Modulators of the complement system

    The complement system is highly regulated by activators and inhibitors so as to confine the destructive mechanisms of the complement system to nonhost surfaces while protecting the healthy tissue, and alteration of these modulators plays a role in a variety of disease processes.[57] As noted the alternative pathway C3 convertase (C3bBb) is stabilized on the microbial cell surface by Properdin,[89] which is released by a variety of leukocytes,[90-92] some of which, as mentioned, are present in aneurysm walls. In addition to microbial surfaces, Properdin can also bind to apoptotic and necrotic cells and facilitate a complement response.[89] Regulators of complement activation inhibit the complement system at two predominant steps: either at the level of convertases, or in the assembly of the MAC.[57,93] Factor I acts at the convertase level by cleaving C3b into its inactive form, iC3b, which is unable to form an active C3 convertase with Bb. This process achieves specificity to protecting host cells from complement activation because it requires the host membrane-bound cofactors including complement receptor-1 (CR-1) and membrane-cofactor protein (MCP).[57,75,94-96] CR-1 in particular is a potent inhibitor of the classical and alternative pathways, and also plays a role in clearing immune complexes and antigen presentation to B-cells.[10,57] Other inhibitors at the convertase level include decay accelerating factor (DAF), which inhibits assembly of C3 convertases, and Factor H, which serves as a cofactor for factor I and DAF. Inhibitors of assembly of the MAC include CD59, vitronectin, and S-protein.[10,95,97]

    Role of complement in aneurysms

    There has been a growing interest in the role that complement plays in the pathogenesis of cerebral aneurysms, which has paralleled similar work done with aortic aneurysms.[47,98,99] Much of the esteemed work has been done by the Neurosurgery Research Group at the Helsinki University Central Hospital, Helsinki, Finland, and has taken the research model of previous studies which have examined ruptured versus unruptured aneurysms.[32] The studies have largely been done by standard immunohistological localization of complement in aneurysm tissue samples taken intraoperatively immediately after aneurysm clipping.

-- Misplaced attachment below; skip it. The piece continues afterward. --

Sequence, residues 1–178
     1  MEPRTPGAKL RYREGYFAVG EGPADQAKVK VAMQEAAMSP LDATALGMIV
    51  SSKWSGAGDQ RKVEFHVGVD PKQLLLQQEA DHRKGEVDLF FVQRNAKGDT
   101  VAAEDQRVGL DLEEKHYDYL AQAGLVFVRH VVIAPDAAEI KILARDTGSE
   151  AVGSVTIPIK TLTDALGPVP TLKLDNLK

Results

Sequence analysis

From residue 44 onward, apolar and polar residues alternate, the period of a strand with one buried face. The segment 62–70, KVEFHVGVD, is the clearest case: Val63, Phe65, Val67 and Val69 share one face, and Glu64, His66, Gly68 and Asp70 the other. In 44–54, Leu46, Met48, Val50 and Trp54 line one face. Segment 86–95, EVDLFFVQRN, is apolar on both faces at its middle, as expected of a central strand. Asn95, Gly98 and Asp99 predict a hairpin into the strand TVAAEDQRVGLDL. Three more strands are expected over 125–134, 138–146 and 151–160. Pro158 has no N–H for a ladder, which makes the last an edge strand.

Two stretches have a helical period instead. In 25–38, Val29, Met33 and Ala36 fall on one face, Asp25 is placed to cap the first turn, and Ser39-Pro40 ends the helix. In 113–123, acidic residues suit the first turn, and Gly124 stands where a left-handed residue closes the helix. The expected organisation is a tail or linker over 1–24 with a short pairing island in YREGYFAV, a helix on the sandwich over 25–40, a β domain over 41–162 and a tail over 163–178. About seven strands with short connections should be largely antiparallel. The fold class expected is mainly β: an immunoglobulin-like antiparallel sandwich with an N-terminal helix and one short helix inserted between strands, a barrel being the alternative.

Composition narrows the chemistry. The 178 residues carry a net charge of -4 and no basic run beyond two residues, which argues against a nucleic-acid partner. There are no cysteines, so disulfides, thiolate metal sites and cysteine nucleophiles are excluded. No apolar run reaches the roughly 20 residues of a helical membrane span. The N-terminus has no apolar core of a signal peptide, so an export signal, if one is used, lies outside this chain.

The first study to demonstrate complement deposition in aneurysm walls was by Chyatte et al.,[48] who compared 25 aneurysm samples taken during microsurgical repair to 11 control samples from basilar arteries taken at autopsy. Compared to the basilar samples, they found significantly more deposition of immunoreactive C9 and C3c (a breakdown product of C3), and both C3c and C9 were deposited throughout the aneurysm wall, often diffusely. They also found increased presence of immunoglobulins (IgG and IgM) and leukocytes (CD68 macrophages and T-lymphocytes). Due to the deposition of earlier (C3c) as well as terminal complement products (C9), the authors concluded that complement activation, in concert with other inflammatory mediators, played a role in the pathogenesis of aneurysms.

    In a 2006 study, Tulamo et al.[100] investigated the role of the MAC in aneurysm rupture by comparing samples from 26 unruptured to 32 ruptured samples. Using a monoclonal mouse antibody to stain the C5b-9 complex (MAC), the authors found that the immunostaining for the MAC was approximately twice as dense in ruptured versus unruptured samples (median: 39% vs. 20%, P < 0.001, respectively). A greater concentration of MAC was also significantly associated with structural pathology of the aneurysmal wall including wall degeneration, de-endothelialization, and degenerative change of the outer wall, as well as infiltrates of CD163+ macrophages and T-lymphocytes. Together, these results suggested a role for activated complement in saccular aneurysm degeneration and rupture.